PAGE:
I stop and hear Silent Night, than Dradel, Dradel, Dradel, and finally Danny Boy. Ignoring me, he opens his eyes and looks into the box, then leans back against the wall. After a few deep breaths he’s playing Mozart’s Sonata in C. Implausible sounds bathe the corridor, but still, no one comes to listen. Those passing one opening continue on to a rap musician’s regular spot. At the other end, it’s a dash to Starbucks before the next train. I move towards him and drop a bill into the empty box. Sounds flow from the child’s toy for thirty minutes as if Mozart had invaded his lungs. Already an hour late for an appointment, I reluctantly leave to catch the 5, and see tears of joy flowing from his eyes.

Not a terribly bad way to begin the holiday season.

25 Responses

  1. Alvera Pritchard

    Lesson learned: Be a little more open and aware. What greater gift than acknowledging and “giving” to others whi;e receiving the best gift of all. Peace.

  2. Steven Evans


    I can shed a bit of light on the player. He is very well-known … a Sufi master who comes to that very spot you described around the holidays — it is said that he comes to hear the music in the hearts of all who look upon him [and can see him] and they are further enlightened. I have heard it said that he himself is not actually playing on whatever instrument one may see in his hands. I have no knowledge about it myself. I have asked many but they all say they did not see him nor hear him. How strange. Now I’m glad to know someone who did! I shall take vicarious comfort in that — and thank you for it.

    May all your seasons be your best seasons,

    • Stan Goldberg

      Yes, I too have heard of this great Sufi Master whose name it is said is Imur, who travels backward in time from a distant Sufi paradise and beguiles people just by the sound of his words–even said in Persian. But alas, when i did see him again, nobody other than me listened and the box was still empty and the rapper had already made rent for three months. Happy Holidays to your family and say hello to Betty.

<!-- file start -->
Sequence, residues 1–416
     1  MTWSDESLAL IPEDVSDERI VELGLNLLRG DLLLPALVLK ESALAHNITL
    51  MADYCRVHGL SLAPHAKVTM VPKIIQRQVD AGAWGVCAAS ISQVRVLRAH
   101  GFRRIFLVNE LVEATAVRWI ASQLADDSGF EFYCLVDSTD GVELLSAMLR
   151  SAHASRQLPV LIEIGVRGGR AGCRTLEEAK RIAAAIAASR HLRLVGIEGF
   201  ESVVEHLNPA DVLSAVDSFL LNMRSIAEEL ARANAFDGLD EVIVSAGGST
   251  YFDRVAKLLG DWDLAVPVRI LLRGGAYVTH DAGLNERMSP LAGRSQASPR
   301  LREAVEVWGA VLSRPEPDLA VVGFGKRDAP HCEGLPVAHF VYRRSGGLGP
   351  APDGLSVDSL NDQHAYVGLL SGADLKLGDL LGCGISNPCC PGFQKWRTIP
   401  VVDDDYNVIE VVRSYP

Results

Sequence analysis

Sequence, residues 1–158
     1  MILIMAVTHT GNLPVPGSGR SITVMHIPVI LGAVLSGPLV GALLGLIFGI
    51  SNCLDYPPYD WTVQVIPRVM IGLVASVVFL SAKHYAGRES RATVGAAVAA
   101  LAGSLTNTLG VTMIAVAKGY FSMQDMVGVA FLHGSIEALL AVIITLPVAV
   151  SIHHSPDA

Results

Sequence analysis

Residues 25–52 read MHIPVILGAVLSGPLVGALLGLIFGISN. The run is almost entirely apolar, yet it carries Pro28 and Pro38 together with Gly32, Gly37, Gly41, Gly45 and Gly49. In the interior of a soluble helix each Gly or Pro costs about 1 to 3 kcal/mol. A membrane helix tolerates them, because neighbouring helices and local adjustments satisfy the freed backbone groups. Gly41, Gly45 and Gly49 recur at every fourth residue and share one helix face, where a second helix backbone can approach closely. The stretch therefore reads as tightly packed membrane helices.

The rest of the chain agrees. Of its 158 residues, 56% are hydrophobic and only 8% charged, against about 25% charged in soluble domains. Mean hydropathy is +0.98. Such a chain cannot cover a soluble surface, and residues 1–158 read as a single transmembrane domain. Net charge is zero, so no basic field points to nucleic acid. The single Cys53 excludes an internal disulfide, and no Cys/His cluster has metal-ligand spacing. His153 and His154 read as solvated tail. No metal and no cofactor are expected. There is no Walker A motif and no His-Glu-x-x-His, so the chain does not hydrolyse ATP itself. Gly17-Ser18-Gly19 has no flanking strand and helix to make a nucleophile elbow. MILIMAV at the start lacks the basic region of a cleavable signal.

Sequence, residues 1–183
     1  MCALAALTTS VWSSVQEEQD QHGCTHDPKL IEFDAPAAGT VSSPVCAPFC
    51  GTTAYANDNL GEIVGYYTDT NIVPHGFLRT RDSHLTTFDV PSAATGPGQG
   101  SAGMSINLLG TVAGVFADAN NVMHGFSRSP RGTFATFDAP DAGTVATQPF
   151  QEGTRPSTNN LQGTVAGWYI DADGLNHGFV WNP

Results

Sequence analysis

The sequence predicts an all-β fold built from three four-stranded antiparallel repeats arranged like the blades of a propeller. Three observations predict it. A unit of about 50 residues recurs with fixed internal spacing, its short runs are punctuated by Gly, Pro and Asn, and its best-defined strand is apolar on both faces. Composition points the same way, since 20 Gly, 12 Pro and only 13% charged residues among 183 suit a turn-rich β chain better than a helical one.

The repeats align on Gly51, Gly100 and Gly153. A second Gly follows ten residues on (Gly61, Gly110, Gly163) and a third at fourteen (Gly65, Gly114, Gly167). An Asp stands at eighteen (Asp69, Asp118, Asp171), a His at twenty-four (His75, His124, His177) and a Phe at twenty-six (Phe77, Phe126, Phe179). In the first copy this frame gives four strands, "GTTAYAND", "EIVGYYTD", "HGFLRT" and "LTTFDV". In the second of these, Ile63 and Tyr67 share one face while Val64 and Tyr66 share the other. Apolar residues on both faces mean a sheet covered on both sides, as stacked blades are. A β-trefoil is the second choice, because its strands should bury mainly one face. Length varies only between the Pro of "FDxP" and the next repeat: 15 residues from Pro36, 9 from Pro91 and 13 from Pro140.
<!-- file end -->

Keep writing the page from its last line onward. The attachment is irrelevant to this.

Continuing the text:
3. Larry Griffin

    Thanks Stan, your style of writing puts me right there in the moment, I even went back and gave him another dollar!!!

  4. Barb Estinson

    Thanks for sharing your story, Stan. You have a great gift for living and knowing,as well as writing. Wishing you and your family the very best.

  5. Allan Chalmers

    Just back from NYC Stan – virtually no entertainers in the subway and those there had talent. Where did your mendicants go, one might wonder? Cheers, Allan

  6. beau takahara

    I was very moved by your story and salute you first of all for acknowledging in your soul what a special gentleman and circumstances you were encountering while everyone else was oblivious to the soulfulness of the scenerio and then expressing your appreciation with a gift, and secondly sharing it in such a beautiful way with us. Thank you and warm wishes.

  7. Casey P

    Stan you make creating literary breaths of fresh air look easy! Thank you for sharing your gift!

  8. Lynda Pietroforte

    I always look forward to your wonderfully written pieces. Thank you for spreading joy.

    Wishing you and yours a wonderful holiday season!